Aker BP Cuts Dividend by Two-thirds on Oil Price Slump
Aker BP will cut its quarterly dividend payments by two-thirds due to the COVID-19 pandemic and the plunge in crude prices, the Norwegian oil firm said on Wednesday after reporting a better-than-expected first-quarter core profit.
Earnings before interest, tax, depreciation and amortization (EBITDA) came in at $666 million, compared with $539 million a year ago, outperforming a $617 million forecast in a Refinitiv poll of analysts.
"The board has decided to retract the current dividend plan in order to retain financial flexibility and position the company for future value accretive organic and inorganic growth opportunities," Aker BP said in a statement.
It will pay out $70.8 million as quarterly dividend in May, one-third of the company's previously guided amount, and expects to keep the same level for the rest of the year, so that overall payments will amount to $425 million in the annual year.
Aker BP, 30% owned by BP, had originally planned to pay out $850 million this year, including a $212.5 million payment made in February.
The dividend cut follows similar reductions by local rivals Equinor and Lundin Energy.
"Each quarterly dividend decision will, however, be subject to a holistic assessment of all relevant factors, including oil prices, the COVID-19 situation and the company's financial position," Aker BP said.
The original plan, set out last year, had been to increase dividends by another $100 million each year until 2023.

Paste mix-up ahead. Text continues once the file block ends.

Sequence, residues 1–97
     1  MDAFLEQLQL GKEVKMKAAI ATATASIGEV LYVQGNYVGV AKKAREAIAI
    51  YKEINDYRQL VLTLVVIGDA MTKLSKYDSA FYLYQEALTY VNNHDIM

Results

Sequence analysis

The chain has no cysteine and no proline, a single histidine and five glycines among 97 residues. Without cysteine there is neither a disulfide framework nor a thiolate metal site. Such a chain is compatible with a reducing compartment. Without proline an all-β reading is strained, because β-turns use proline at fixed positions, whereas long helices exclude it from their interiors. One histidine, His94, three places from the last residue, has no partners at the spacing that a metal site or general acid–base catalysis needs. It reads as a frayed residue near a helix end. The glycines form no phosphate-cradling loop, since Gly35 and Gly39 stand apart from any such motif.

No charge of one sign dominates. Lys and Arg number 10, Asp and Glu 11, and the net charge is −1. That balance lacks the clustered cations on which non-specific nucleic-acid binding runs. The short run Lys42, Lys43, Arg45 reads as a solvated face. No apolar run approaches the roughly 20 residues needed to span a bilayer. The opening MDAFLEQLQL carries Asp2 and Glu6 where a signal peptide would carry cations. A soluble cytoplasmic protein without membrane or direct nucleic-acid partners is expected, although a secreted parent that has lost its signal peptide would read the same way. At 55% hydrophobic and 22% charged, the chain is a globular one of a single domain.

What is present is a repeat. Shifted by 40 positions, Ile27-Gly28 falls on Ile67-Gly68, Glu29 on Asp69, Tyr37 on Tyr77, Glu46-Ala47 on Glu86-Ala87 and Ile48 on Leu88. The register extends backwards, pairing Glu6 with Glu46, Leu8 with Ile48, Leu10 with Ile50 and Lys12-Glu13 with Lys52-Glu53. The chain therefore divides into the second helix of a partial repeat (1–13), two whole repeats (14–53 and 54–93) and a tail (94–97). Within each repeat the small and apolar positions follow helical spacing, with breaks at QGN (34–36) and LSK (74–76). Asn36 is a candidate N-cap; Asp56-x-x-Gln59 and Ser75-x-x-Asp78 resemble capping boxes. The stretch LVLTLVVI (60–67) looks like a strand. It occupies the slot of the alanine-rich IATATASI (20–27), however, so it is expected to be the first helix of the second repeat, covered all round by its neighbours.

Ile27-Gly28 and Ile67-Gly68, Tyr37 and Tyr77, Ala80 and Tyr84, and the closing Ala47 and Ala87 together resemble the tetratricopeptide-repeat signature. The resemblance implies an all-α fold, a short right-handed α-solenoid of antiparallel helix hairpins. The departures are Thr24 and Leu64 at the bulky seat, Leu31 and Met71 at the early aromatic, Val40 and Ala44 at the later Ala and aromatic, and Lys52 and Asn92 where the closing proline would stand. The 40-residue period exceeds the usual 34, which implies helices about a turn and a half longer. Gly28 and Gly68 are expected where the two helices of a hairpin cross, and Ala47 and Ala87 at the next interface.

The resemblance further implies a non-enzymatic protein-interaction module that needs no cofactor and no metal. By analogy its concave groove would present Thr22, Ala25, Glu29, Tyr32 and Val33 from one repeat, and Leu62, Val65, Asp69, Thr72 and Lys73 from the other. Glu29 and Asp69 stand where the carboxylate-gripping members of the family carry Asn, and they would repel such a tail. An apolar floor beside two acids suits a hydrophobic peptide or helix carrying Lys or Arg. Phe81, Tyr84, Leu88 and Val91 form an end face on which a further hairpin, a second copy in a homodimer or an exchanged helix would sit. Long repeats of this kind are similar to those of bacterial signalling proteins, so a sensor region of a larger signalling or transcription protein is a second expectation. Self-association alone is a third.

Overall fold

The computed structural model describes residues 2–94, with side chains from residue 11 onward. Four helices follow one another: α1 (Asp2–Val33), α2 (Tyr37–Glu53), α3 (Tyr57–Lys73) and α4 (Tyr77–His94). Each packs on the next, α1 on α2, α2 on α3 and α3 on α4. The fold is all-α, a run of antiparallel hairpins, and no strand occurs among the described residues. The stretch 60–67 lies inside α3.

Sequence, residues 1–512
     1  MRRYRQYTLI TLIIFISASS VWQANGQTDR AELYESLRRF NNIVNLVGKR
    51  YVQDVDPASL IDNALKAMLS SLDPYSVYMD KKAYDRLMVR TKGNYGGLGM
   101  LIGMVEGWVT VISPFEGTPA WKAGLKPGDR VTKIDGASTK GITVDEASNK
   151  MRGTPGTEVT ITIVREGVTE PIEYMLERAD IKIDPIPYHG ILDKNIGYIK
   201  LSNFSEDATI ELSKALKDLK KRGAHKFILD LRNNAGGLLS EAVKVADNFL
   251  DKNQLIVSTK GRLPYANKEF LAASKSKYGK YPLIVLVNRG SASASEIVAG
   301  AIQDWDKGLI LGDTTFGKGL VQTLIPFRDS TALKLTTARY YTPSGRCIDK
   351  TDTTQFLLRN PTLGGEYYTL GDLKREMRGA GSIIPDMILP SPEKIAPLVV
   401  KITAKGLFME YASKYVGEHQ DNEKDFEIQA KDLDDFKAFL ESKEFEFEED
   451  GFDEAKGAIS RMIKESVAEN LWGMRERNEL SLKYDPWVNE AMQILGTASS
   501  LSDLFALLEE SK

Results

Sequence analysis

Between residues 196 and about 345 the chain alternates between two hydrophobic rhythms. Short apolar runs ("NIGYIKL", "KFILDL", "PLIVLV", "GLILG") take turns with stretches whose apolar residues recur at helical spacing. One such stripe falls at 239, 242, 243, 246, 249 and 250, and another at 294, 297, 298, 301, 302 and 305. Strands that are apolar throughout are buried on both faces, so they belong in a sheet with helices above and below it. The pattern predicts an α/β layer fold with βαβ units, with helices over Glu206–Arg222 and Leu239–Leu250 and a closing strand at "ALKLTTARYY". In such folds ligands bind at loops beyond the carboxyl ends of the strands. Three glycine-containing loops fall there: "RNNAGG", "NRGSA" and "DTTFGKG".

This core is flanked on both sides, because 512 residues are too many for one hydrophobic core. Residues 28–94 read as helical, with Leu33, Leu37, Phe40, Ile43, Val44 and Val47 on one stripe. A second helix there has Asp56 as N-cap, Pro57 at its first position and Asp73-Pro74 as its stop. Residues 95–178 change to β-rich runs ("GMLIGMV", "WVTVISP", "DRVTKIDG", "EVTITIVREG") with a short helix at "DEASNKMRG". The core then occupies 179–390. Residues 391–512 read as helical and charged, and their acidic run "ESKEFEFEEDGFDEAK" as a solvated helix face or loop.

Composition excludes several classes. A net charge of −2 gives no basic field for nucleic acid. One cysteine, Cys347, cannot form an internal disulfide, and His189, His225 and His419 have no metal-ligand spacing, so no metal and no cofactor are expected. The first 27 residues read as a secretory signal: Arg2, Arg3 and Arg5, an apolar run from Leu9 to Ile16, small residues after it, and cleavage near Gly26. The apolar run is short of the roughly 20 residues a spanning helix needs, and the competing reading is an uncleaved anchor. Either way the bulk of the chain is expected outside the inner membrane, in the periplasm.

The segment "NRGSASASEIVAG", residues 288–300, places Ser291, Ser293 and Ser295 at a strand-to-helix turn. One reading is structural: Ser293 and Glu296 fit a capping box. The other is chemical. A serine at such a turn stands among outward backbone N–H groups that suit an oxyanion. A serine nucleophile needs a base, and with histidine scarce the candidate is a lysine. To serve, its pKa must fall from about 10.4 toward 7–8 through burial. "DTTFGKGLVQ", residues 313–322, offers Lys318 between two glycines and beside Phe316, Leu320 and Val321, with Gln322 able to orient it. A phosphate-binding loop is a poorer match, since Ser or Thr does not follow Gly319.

"The company will revert with a new long-term dividend policy when market conditions allow," it said.
Aker BP's reported a pre-tax loss of $414 million due to $654 million of impairments related to the oil price crash in the first quarter, in line with the previous outlook.
North Sea crude oil prices fell to just $16 per barrel in late April, the lowest in more than 20 years and down from $70 at the start of 2020, but have since partly recovered to above $30 per barrel.
Aker BP, however, maintained its plan to produce 205,000-220,000 barrels of oil equivalent per day (boepd) this year despite the Norwegian government's decision to slash output in support of the OPEC+ effort to bring down global supply.
The Norwegian company said the decision would mean a pro-rata impact on its 2020 production of 5,000-10,000 boepd.
Its first-quarter petroleum production stood at a record of 208,100 boed.
The company has an 11.6% stake in the Equinor-operated Sverdrup field, which reached its phase-one production plateau of 470,000 boed in April, more than originally projected.
The company has previously said it would cut its 2020 capital spending by 20% to $1.2 billion, drill fewer exploration wells, put on hold all non-sanctioned projects, and postpone maintenance to preserve cash.
(Reporting by Nerijus Adomaitis, Editing by Terje Solsvik and Sherry Jacob-Phillips)